I attended an agricultural meeting yesterday. It featured a speaker who focussed on beef cattle nutrition – methods of winter feeding, mineral supplements and water. The speaker ended one part of his presentation by showing how careful attention to rearing practices could save a beef producer with 100 animals as much as $24,000 in one year. My wife Betsey and I don’t do the type of farming that involves huge machines that make hay, silage or baleage to distribute to animals using mixer wagons and bale shredders.
The second speaker was also fascinating; she spoke on genomics, which – as I understand it – is a more holistic way of using genetic testing, animal history and phenotypes to guide animal breeding in line with the farmer’s own goals and values. The complicated scientific work and computer analysis is, emphasized our speaker, only a tool, and the tool works to help you achieve your goals and the things you value in your livestock. The end goal is to make more money.
Afterwards, thinking this over and discussing it with Betsey, I remain perplexed. Why didn’t I stand up and ask, “What do you have to offer people for whom everything isn’t about the money?” I know many farmers who are “in the business” because they value a farm as a place to raise children. Others because they are superb machinery operators who can tinker, adapt and use their gifts to work wonders with a set of wrenches, a welder, a hammer and 9/16” wrench. For another person, farming is all about caring for her animals – providing a good life and a humane death. And then there are people, not enough of them, but many, whose motivation is to be stewards of the earth. Listen to these very successful farmers:
Gabe Brown: “We believe that faith, family and working with the natural resources that God has provided allows us a meaningful life. We enjoy using these resources to regenerate landscapes for a sustainable future” (brownsranch.us).
Steve Kenyon: “Production practices that destroy biodiversity offend nature. If we want to brag about being the ‘Stewards of the Land,’ then I think we need to actually be stewards of the land and not just stewards of our own short-term cash flow. By taking care of nature first and by farming in a sustainable manner, the unexpected surprise is that an operation might become more profitable in the long term” (“Stewards of the land,” canadiancattlemen.ca).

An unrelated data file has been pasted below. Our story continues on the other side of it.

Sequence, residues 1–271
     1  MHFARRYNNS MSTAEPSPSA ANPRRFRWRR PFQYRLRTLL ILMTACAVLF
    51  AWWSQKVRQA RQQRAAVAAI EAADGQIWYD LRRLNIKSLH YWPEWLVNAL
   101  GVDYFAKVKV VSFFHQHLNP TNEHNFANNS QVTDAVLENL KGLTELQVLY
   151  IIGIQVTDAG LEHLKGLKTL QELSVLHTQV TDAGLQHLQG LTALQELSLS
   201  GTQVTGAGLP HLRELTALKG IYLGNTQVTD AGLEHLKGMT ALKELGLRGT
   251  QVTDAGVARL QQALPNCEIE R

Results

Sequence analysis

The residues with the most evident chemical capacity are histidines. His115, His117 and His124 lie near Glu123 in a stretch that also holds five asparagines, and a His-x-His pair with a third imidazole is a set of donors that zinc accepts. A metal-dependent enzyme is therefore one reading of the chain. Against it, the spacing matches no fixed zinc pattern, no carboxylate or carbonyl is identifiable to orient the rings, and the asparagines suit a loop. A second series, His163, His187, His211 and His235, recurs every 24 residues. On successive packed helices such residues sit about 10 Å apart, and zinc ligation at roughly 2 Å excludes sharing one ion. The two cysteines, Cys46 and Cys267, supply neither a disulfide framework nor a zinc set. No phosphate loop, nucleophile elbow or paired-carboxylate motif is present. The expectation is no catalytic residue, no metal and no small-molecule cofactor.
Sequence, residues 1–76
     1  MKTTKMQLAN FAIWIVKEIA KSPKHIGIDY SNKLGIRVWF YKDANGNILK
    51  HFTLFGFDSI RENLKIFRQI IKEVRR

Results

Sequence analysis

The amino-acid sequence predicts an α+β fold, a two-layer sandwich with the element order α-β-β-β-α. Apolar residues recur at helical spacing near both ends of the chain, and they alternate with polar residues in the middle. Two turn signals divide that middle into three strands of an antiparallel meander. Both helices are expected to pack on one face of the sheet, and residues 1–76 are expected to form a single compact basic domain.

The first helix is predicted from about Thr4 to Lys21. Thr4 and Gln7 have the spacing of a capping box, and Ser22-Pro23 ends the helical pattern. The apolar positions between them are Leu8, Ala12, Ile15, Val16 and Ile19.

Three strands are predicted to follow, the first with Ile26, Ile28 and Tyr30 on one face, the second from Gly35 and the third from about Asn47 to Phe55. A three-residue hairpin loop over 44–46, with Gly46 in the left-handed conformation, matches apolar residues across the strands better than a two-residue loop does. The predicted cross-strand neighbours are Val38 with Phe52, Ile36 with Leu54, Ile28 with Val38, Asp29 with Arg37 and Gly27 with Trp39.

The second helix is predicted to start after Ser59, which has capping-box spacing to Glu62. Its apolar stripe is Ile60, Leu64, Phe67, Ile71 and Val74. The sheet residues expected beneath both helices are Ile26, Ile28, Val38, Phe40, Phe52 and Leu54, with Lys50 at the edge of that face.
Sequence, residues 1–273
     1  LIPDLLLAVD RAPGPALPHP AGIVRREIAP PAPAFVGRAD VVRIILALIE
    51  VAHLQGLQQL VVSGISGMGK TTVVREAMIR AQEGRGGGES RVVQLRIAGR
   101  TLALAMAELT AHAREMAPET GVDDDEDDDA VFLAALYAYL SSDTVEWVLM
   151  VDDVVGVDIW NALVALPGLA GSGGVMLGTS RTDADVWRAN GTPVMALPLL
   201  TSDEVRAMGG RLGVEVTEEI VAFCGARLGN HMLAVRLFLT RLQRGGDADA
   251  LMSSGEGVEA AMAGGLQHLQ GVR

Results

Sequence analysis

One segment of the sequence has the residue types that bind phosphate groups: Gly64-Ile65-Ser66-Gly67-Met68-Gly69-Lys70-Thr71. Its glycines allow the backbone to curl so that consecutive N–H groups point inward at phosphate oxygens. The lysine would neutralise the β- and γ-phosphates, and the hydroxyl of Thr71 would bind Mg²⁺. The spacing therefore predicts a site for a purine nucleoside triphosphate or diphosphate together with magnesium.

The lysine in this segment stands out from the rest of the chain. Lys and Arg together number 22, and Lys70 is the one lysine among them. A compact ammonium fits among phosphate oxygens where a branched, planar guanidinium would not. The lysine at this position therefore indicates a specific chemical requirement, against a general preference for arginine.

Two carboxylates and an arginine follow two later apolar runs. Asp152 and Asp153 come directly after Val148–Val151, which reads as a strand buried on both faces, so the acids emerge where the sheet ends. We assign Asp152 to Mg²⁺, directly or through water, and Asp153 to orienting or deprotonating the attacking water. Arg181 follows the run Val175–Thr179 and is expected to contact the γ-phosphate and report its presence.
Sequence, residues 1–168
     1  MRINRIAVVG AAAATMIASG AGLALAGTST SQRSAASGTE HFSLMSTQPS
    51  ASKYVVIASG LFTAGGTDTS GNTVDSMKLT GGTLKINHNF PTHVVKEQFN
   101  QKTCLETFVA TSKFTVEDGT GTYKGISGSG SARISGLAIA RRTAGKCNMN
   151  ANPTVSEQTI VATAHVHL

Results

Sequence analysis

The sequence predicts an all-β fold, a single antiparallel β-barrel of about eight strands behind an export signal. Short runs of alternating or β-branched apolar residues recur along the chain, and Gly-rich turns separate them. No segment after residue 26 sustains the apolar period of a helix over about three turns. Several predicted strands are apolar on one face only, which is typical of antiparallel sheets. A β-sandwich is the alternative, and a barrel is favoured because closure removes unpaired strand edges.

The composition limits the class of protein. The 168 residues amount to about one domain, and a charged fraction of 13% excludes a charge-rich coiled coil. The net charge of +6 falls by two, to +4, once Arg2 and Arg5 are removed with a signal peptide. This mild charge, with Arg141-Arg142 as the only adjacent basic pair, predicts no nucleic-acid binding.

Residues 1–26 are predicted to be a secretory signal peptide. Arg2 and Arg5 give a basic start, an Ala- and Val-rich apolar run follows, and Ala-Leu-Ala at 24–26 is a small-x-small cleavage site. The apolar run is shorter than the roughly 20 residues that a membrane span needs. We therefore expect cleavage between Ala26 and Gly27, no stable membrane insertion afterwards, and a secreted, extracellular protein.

As for Betsey and me, we are not considered real farmers by some in the agricultural community because we don’t “make an income” on farming, which means we have another visible means of support. Or because we have too few cows, or pretty small machinery (a Massey 35, sickle bar mower, etc.). We also have no debt, but that’s another story.
We value owning land that we can lease to our neighbour for growing high-quality forage. We value owning land that we can take out of production to make a wildlife corridor, or to combine a drainage project with creating a series of tiny wetlands, or to bring some good soil into production that was covered with scrub. We value doing experiments with crops and with grazing which we can share with people who are much busier on their large herds to have the time to fiddle around with new ideas. We value being able to grow vegetables to give away and grass-fed Dexter beef to sell to those who appreciate it. We even value beef kidneys and liver, because our English friends love eating steak-and-kidney pie and liver-and-onions. We value owning a farm because it puts us in contact with so many fine people. It certainly is “not all about the money.”
I am reminded of one of Judah’s kings (II Chron. 26: 10) who was successful in war and national defence, a king who sponsored all sorts of military reforms and what we would call infrastructure projects. But the characteristic of King Uzziah that stuck out in my mind from the time I was a child was this: “He had people working his fields and vineyards in the hills and in the fertile lands, for he loved the soil.”
I give the amen to that.